Exploring the possibility of nurses collaborating with Child Protective Services, in the effort of tracking and identification, to create procedures that result in appropriate reports and documentation of DMST incidences within the health care setting. Additionally, evidence-based protocols for identification and response have been minimally researched and developed (Chaffee & English, 2015). Research may be performed to develop a concrete identification tool that can be used in hospitals and healthcare settings nationwide.

Recognition of victims may be challenging, therefore consistency in nursing practice may be considered a breakthrough for the identification and treatment of these victims. Identification tools should include a thorough history, presenting signs and symptoms and appropriate screening questions (Chaffee & English, 2015). Policy In 2008, the American Nurses Association took a significant step in bringing DMST into the nursing profession’s focus. The presenting measure addressed the human trafficking as well as sex trafficking as a major public health issue (Miller, 2013).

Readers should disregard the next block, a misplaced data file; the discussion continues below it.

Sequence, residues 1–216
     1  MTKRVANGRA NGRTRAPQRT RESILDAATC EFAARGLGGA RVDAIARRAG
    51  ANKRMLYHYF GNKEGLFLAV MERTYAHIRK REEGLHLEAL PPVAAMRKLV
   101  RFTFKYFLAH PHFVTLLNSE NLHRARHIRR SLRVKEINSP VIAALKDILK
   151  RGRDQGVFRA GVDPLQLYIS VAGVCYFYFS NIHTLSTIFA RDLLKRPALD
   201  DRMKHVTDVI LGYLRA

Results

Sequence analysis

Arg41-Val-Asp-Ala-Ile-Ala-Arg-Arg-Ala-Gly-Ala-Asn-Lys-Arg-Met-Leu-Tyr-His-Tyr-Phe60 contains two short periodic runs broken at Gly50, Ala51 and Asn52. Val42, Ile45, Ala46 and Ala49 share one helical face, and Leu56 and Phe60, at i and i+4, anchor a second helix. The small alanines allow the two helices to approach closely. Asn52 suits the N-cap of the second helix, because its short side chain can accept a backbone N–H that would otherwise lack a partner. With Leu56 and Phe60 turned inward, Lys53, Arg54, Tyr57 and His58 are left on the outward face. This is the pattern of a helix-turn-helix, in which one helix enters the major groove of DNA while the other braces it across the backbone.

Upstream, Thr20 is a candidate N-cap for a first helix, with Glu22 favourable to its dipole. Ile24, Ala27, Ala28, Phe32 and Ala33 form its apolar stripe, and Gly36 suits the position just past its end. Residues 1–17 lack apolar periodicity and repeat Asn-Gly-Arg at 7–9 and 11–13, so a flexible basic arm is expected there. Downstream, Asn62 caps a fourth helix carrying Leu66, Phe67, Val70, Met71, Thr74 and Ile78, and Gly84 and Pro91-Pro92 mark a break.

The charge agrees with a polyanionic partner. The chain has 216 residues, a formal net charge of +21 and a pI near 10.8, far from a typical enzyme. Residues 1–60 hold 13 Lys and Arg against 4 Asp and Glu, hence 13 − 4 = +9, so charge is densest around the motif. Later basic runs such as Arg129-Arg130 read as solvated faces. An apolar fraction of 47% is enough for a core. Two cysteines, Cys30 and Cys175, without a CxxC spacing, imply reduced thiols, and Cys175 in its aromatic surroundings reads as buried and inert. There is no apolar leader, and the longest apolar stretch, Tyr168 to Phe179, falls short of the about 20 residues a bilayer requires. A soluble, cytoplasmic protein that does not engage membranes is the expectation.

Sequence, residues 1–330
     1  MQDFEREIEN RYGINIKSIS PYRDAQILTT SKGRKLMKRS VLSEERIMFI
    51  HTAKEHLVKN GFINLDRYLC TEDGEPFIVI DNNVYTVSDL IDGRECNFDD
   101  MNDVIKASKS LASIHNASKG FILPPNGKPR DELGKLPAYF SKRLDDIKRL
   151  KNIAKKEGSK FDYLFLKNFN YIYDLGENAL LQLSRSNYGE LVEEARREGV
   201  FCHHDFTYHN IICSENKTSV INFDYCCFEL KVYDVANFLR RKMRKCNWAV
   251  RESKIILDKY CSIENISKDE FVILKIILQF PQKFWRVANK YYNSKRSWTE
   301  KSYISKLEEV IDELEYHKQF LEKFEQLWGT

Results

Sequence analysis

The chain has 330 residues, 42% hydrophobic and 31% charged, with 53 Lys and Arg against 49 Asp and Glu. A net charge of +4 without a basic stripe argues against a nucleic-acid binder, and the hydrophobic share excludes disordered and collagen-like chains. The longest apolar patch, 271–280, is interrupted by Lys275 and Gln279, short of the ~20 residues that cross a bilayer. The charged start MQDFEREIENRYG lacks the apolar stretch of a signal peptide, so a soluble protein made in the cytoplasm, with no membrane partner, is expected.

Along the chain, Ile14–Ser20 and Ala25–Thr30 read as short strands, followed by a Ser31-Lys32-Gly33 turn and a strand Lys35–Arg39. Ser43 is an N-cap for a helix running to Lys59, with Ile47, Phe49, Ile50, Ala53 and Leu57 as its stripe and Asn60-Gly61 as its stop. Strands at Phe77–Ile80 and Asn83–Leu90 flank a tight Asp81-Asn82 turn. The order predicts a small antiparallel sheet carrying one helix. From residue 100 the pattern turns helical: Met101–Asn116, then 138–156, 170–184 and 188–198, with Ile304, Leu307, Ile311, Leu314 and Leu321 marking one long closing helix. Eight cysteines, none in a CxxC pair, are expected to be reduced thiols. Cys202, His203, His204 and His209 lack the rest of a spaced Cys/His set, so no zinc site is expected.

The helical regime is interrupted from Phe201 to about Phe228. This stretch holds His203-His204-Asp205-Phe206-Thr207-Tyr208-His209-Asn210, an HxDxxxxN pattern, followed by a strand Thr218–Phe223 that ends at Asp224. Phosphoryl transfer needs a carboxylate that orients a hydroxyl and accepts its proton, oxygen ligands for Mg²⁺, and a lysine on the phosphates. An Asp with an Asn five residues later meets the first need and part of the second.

Nurses in all settings must recognize the magnitude of this issue. Using a victim-centered approach when handling victims of DMST, it is essential to advocate for the patient. Focusing on rescue, rehabilitation and reintegration of these victims (McClain & Garrity, 2011). As nurses focus on the immediate needs of these victims, it is also important to view DMST as whole, recognizing where the problem originates. Nurses must advocate for additional resources to be provided for vulnerable youth, such as substance abuse counseling, mental health counseling, housing assistance, social services and job training (McClain & Garrity, 2011).